Although most people are honored to be the trustee for a friend or family member, it is often a lot of work and sometimes very stressful. The trustee under the laws of California has a fiduciary duty to the beneficiaries of the trust. In simple English this means the trustee must put the BENEFICIARIES INTERESTS ABOVE THE TRUSTEE. What is also often the case is the trustee is also one of the beneficiaries and many times the majority beneficiary. So how does this work and why is it sometimes a problem? Well, the trustee cannot in any way appear to be engaged in any self-dealings or taking any advantage of the trust. Common mistakes are taking out loans from the trust, or using trust funds to buy property, cars, or gifts for the trustee and/or family members. Trustees that are also beneficiaries sometimes forget that even though they are also a beneficiary, they cannot dip their hands in the cookie jar without notifying the other beneficiaries, getting consent from the other beneficiaries or the court.
It does seem ridiculous that the trustee who is also a beneficiary could not take an advance on the trust distribution, but it is the law. The other beneficiaries usually view any of these early distributions without consent or court approval as the trustee stealing or trying to give themselves the cream of the estate. More often than not, there is a fair amount of family emotional baggage, i.e. sibling rivalry, that any action is always viewed with suspicion and rooted in childhood conflicts. Lawsuits are filed over trivial matters like missing velvet Elvis paintings, and large matters such as multi-million dollar homes. All of these Lawsuits can easily be avoided by performing the duties of the trustee properly. This includes; keeping good records, promptly paying off estate debts, avoiding any appearance of self-dealing or preferential treatment to the trustees self or immediate family, and usually retaining an attorney to help administer the estate.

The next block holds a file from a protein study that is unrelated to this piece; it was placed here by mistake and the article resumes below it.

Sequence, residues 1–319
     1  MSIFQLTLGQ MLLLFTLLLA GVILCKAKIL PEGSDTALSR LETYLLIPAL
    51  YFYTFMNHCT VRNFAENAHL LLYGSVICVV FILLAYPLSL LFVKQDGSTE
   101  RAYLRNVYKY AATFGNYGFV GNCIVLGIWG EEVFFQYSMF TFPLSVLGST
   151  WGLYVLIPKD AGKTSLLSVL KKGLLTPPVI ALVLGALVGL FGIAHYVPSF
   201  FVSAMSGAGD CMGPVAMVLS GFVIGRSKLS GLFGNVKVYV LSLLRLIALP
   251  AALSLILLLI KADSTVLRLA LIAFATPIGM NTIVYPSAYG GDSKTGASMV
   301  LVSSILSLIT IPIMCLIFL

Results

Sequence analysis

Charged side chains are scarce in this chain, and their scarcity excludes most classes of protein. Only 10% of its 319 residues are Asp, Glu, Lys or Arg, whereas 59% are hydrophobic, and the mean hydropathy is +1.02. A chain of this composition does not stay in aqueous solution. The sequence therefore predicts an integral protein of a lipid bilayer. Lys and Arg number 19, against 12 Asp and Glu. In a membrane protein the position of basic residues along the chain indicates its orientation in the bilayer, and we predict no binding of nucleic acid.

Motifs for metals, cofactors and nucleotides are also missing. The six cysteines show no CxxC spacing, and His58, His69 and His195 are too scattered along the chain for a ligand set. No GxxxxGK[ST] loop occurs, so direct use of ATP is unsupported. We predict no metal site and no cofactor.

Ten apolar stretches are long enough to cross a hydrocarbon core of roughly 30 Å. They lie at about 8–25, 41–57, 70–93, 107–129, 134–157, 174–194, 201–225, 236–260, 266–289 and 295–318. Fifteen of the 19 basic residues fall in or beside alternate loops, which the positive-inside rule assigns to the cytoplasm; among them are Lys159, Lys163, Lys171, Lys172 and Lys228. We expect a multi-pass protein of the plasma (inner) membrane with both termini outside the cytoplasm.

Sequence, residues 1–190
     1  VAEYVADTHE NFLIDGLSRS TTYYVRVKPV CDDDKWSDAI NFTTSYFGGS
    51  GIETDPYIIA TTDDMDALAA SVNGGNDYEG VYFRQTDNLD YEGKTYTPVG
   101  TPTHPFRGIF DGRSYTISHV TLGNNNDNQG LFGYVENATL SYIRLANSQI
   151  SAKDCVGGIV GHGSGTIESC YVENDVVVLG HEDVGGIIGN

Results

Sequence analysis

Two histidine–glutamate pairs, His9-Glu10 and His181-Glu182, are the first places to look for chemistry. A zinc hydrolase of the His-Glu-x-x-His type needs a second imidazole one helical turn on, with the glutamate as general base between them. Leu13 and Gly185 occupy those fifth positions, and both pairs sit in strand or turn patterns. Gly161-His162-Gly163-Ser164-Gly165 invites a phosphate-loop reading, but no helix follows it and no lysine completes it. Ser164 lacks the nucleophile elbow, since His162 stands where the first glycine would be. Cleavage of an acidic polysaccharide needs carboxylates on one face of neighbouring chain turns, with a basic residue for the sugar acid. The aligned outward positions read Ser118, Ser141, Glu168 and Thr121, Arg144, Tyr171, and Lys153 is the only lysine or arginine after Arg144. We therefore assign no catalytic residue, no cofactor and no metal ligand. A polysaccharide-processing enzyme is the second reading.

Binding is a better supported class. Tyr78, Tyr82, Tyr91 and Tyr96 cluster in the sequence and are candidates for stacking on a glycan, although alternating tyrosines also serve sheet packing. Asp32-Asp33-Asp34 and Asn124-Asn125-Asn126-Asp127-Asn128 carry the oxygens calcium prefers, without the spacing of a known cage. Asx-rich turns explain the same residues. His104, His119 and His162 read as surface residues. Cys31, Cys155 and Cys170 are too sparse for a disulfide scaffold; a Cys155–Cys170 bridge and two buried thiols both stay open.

When a trustee is sued, usually the trust allows him or her to defend themselves using trust assets. If the trustee is found to have acted improperly, the court will many times charge them for not only the wrongdoing, but also all or a portion of the attorney fees. Trustees get sued all of the time for very little, and family members act out family squabbles in the court system burning the estates money. Trustees are awarded a fee which is approximately 1 percent of the value of the trust, but that is usually not enough to justify the risks associated with being sued. If you are asked to be a trustee, be careful that you carry out your fiduciary duty properly, avoid any transactions that do not look kosher and actually give thought before accepting to the fact your sibling/cousin/in-law or some relative that has always had it in for you, may sue you.